In 2011, the CIHR - Institute of Infection and Immunity identified transplantation research as a priority area and organized a consultation workshop to obtain advice and input from members of the transplantation research community and interested partner organizations. The CIHR Program Grant in Transplantation Research was developed, in partnership with key organizations in the transplantation community, in response to the workshop recommendations.

The CNTRP will be supported through the CIHR Program Grant in Transplantation with $11.25M from CIHR, in addition to $2.6M from the partners below, for a total of $13.85M.

• Canadian Blood Services –
• Canadian Liver Foundation –
• Cystic Fibrosis Canada –
• Fonds de recherche du Québec – Santé –
• Genome BC –
• Kidney Foundation of Canada -

Canadian National Transplant Research Program (CNTRP)
The Canadian National Transplant Research Program is a new national initiative designed to increase organ and tissue donation in Canada and enhance the survival and quality of life of Canadians who receive transplants. The program is led by Drs. Lori West at the Alberta Transplant Institute at the University of Alberta in Edmonton and Marie-Josée Hébert at the Université de Montréal and brings together 105 investigators and 86 collaborators from across Canada to carry out research and develop resources to help Canadians waiting for a tissue or organ transplant.

The specific goals of the program are to:

• Increase the availability of transplants
• Extend the longevity of grafts
• Improve the long-term survival and quality of life of transplant patients
• Develop and enhance the pool of researchers and clinicians in the field of transplantation
• Integrate and coordinate transplantation research nationwide

The program represents a national collaboration involving research funding agencies, national health charities, industry, hospitals and academic health centres across the country.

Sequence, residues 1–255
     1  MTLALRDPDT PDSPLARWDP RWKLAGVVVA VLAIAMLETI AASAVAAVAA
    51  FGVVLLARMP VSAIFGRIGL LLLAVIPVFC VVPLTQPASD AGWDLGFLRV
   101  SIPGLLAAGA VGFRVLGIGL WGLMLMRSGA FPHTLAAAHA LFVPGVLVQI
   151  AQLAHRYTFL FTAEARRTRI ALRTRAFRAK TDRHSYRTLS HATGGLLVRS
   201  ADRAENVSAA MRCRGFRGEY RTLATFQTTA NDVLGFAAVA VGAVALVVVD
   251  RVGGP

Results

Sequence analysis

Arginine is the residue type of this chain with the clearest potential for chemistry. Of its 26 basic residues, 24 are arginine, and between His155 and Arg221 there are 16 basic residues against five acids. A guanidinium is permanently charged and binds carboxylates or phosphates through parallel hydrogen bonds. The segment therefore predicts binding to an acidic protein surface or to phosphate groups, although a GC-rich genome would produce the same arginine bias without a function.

For more information, please visit the website of the Canadian National Transplant Research Program.


Cailin Rodgers
Office of the Honourable Leona Aglukkaq
Federal Minister of Health

David Coulombe
Media Relations
Canadian Institutes of Health Research

Paddy Moore
Manager, Communications and Public Relations,
Ottawa Hospital Research Institute

The Canadian Institutes of Health Research (CIHR) is the Government of Canada’s health research investment agency. CIHR’s mission is to create new scientific knowledge and to enable its translation into improved health, more effective health services and products, and a strengthened Canadian health care system. Composed of 13 Institutes, CIHR provides leadership and support to more than 14,100 health researchers and trainees across

The Ottawa Hospital Research Institute (OHRI) is the research arm of The Ottawa Hospital and is an affiliated institute of the University of Ottawa, closely associated with the university’s Faculties of Medicine and Health Sciences. OHRI includes more than 1,700 scientists, clinical investigators, graduate students, postdoctoral fellows and staff conducting research to improve the understanding, prevention, diagnosis and treatment of human disease. Research at OHRI is supported by The Ottawa Hospital Foundation.